Publications by authors named "Elena V Feofanova"

13 Publications

  • Page 1 of 1

Exome sequence association study of levels and longitudinal change of cardiovascular risk factor phenotypes in European Americans and African Americans from the Atherosclerosis Risk in Communities Study.

Genet Epidemiol 2021 Sep 24;45(6):651-663. Epub 2021 Jun 24.

Department of Epidemiology, Human Genetics, and Environmental Sciences, Human Genetics Center, School of Public Health, The University of Texas Health Science Center at Houston, Houston, Texas, USA.

Cardiovascular disease (CVD) is responsible for 31% of all deaths worldwide. Among CVD risk factors are age, race, increased systolic blood pressure (BP), and dyslipidemia. Both BP and blood lipids levels change with age, with a dose-dependent relationship between the cumulative exposure to hyperlipidemia and the risk of CVD. We performed an exome sequence association study using longitudinal data with up to 7805 European Americans (EAs) and 3171 African Americans (AAs) from the Atherosclerosis Risk in Communities (ARIC) study. We assessed associations of common (minor allele frequency > 5%) nonsynonymous and splice-site variants and gene-based sets of rare variants with levels and with longitudinal change of seven CVD risk factor phenotypes (BP traits: systolic BP, diastolic BP, pulse pressure; lipids traits: triglycerides, total cholesterol, high-density lipoprotein cholesterol [HDL-C], low-density lipoprotein cholesterol [LDL-C]). Furthermore, we investigated the relationship of the identified variants and genes with select CVD endpoints. We identified two novel genes: DCLK3 associated with the change of HDL-C levels in AAs and RAB7L1 associated with the change of LDL-C levels in EAs. RAB7L1 is further associated with an increased risk of heart failure in ARIC EAs. Investigation of the contribution of genetic factors to the longitudinal change of CVD risk factor phenotypes promotes our understanding of the etiology of CVD outcomes, stressing the importance of incorporating the longitudinal structure of the cohort data in future analyses.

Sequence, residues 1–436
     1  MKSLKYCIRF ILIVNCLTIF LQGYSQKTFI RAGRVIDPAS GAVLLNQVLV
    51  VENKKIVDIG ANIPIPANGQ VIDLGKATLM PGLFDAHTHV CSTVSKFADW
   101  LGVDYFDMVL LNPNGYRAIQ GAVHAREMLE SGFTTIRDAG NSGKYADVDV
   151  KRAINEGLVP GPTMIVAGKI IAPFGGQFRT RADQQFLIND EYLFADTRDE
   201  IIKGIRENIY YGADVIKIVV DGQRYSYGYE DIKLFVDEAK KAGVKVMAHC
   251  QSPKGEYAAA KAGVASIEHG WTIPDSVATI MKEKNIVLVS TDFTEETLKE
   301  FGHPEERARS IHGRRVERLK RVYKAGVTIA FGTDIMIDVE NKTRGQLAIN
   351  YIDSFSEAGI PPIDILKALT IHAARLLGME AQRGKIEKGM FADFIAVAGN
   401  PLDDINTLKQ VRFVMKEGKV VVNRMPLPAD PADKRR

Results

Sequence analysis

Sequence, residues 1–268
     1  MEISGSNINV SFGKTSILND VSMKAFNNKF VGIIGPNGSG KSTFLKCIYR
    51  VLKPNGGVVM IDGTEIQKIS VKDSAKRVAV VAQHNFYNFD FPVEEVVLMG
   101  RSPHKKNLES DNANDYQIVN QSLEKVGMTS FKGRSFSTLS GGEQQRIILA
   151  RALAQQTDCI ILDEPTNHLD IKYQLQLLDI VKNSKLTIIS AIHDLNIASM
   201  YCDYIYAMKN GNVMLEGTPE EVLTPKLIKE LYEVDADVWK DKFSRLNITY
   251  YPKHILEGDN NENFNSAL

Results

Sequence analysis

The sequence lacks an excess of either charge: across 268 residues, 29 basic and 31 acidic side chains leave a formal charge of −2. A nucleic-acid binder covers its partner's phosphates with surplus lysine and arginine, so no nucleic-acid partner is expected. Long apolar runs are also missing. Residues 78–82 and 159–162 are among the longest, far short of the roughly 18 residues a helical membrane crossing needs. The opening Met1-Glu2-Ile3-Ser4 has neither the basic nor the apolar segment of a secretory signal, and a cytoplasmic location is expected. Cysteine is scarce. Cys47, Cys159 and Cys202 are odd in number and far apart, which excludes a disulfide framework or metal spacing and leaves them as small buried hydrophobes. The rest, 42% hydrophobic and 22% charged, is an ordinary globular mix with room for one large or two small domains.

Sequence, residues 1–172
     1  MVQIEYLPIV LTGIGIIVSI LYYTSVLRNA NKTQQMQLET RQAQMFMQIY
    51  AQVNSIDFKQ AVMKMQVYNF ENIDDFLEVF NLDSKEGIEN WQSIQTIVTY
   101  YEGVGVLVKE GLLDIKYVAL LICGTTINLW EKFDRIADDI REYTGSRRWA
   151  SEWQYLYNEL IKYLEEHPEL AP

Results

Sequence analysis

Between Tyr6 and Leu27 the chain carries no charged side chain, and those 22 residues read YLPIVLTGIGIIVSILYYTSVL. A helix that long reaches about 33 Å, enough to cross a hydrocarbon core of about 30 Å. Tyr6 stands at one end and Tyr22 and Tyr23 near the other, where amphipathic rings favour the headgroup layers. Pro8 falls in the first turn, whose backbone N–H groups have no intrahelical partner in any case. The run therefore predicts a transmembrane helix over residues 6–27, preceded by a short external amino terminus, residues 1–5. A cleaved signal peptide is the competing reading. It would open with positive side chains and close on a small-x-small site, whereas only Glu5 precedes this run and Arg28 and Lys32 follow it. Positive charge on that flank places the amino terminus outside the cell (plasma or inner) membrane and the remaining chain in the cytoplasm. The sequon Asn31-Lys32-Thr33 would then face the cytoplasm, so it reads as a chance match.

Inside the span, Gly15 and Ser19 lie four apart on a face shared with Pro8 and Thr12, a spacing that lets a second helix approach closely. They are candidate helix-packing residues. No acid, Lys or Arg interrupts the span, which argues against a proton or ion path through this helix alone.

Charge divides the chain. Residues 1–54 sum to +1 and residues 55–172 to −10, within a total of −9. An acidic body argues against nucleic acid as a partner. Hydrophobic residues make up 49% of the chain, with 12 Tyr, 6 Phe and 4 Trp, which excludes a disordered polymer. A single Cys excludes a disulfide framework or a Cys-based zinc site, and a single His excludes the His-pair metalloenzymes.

View Article and Find Full Text PDF

Download full-text PDF

Source
http://dx.doi.org/10.1002/gepi.22390DOI Listing
September 2021

Host and gut microbial tryptophan metabolism and type 2 diabetes: an integrative analysis of host genetics, diet, gut microbiome and circulating metabolites in cohort studies.

Gut 2021 Jun 14. Epub 2021 Jun 14.

Department of Epidemiology, Johns Hopkins University Bloomberg School of Public Health, Baltimore, Maryland, USA.

Objective: Tryptophan can be catabolised to various metabolites through host kynurenine and microbial indole pathways. We aimed to examine relationships of host and microbial tryptophan metabolites with incident type 2 diabetes (T2D), host genetics, diet and gut microbiota.

Method: We analysed associations between circulating levels of 11 tryptophan metabolites and incident T2D in 9180 participants of diverse racial/ethnic backgrounds from five cohorts. We examined host genome-wide variants, dietary intake and gut microbiome associated with these metabolites.

Results: Tryptophan, four kynurenine-pathway metabolites (kynurenine, kynurenate, xanthurenate and quinolinate) and indolelactate were positively associated with T2D risk, while indolepropionate was inversely associated with T2D risk. We identified multiple host genetic variants, dietary factors, gut bacteria and their potential interplay associated with these T2D-relaetd metabolites. Intakes of fibre-rich foods, but not protein/tryptophan-rich foods, were the dietary factors most strongly associated with tryptophan metabolites. The fibre-indolepropionate association was partially explained by indolepropionate-associated gut bacteria, mostly fibre-using . We identified a novel association between a host functional variant (determining lactase persistence) and serum indolepropionate, which might be related to a host gene-diet interaction on gut , a probiotic bacterium significantly associated with indolepropionate independent of other fibre-related bacteria. Higher milk intake was associated with higher levels of gut and serum indolepropionate only among genetically lactase non-persistent individuals.

Conclusion: Higher milk intake among lactase non-persistent individuals, and higher fibre intake were associated with a favourable profile of circulating tryptophan metabolites for T2D, potentially through the host-microbial cross-talk shifting tryptophan metabolism toward gut microbial indolepropionate production.
View Article and Find Full Text PDF

Download full-text PDF

Source
http://dx.doi.org/10.1136/gutjnl-2021-324053DOI Listing
June 2021

Genome-wide association study of serum metabolites in the African American Study of Kidney Disease and Hypertension.